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. 2018 Aug 21;46(14):7193-7205.
doi: 10.1093/nar/gky530.

The Mitochondrial Single-Stranded DNA Binding Protein From S. Cerevisiae, Rim1, Does Not Form Stable Homo-Tetramers and Binds DNA as a Dimer of Dimers

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The Mitochondrial Single-Stranded DNA Binding Protein From S. Cerevisiae, Rim1, Does Not Form Stable Homo-Tetramers and Binds DNA as a Dimer of Dimers

Saurabh P Singh et al. Nucleic Acids Res. .
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Abstract

Rim1 is the mitochondrial single-stranded DNA binding protein in Saccharomyces cerevisiae and functions to coordinate replication and maintenance of mtDNA. Rim1 can form homo-tetramers in solution and this species has been assumed to be solely responsible for ssDNA binding. We solved structures of tetrameric Rim1 in two crystals forms which differ in the relative orientation of the dimers within the tetramer. In testing whether the different arrangement of the dimers was due to formation of unstable tetramers, we discovered that while Rim1 forms tetramers at high protein concentration, it dissociates into a smaller oligomeric species at low protein concentrations. A single point mutation at the dimer-dimer interface generates stable dimers and provides support for a dimer-tetramer oligomerization model. The presence of Rim1 dimers in solution becomes evident in DNA binding studies using short ssDNA substrates. However, binding of the first Rim1 dimer is followed by binding of a second dimer, whose affinity depends on the length of the ssDNA. We propose a model where binding of DNA to a dimer of Rim1 induces tetramerization, modulated by the ability of the second dimer to interact with ssDNA.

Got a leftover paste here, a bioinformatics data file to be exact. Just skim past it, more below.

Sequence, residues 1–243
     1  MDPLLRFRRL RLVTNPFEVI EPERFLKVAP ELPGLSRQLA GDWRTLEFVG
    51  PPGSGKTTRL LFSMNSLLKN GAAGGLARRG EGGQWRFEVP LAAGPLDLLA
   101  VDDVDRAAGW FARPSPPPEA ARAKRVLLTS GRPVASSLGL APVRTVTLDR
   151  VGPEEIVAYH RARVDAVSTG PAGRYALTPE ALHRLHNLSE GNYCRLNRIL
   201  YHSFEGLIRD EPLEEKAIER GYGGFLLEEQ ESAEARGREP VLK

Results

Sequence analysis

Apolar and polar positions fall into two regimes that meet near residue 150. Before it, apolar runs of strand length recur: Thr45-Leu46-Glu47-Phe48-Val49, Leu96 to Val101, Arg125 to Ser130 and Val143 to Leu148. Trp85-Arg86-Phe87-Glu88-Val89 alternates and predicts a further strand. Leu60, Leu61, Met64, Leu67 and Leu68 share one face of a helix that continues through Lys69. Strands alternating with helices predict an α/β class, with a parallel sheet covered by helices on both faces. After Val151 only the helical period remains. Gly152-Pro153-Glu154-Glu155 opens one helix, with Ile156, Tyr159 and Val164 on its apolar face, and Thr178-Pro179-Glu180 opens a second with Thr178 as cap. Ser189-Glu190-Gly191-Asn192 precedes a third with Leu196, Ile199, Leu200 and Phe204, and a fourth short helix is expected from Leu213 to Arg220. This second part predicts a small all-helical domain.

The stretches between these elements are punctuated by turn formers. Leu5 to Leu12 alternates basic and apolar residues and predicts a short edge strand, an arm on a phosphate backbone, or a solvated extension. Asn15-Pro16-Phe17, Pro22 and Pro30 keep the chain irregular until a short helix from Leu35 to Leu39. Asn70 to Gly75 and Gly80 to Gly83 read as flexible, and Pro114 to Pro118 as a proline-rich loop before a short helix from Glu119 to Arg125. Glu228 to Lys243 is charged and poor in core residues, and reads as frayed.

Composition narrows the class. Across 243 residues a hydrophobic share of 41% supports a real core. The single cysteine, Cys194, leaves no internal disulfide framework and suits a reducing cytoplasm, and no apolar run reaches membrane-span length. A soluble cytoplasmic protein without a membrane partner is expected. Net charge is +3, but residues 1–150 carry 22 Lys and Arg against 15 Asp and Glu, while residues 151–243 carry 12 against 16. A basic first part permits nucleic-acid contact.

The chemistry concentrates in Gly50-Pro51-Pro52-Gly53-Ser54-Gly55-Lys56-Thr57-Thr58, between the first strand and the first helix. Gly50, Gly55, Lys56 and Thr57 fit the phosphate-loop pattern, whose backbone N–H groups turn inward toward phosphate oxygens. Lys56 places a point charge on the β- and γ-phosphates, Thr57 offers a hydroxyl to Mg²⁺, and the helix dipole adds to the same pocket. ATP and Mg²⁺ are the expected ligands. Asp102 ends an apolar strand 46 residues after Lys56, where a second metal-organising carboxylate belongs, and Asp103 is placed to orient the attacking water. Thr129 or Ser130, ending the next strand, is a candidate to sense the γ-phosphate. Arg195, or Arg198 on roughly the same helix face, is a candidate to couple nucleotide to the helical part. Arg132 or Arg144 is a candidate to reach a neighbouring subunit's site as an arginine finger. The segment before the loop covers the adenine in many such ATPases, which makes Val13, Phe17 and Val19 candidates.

Figures

Figure 1.
Figure 1.
Crystal structures of Rim1. (A, B) Models of Rim1 tetramers determined from crystal Form 1 in A and 2 in B. (C, D) Zoom-in of the dimer–dimer interfaces highlighting the potential salt-bridges (dash lines) in crystal Form 1 in C and Form 2 in D. (E) Model of a Rim1 monomer. (F) Superimposition of all the Rim1 monomers from crystal Form 1 and 2. (G) Superimposition of the monomer in E with monomers from EcSSB (PDB: 1sru, cyan), Plasmodium falciparum SSB (PDB: 3ulp, pink), and HsmtSSB (PDB: 3ull, yellow). (H) Position of Y61 of Rim1 in crystal Form 1 and 2 relative to the histidine of EcSSB, PfSSB and HsmtSSB.
Figure 2.
Figure 2.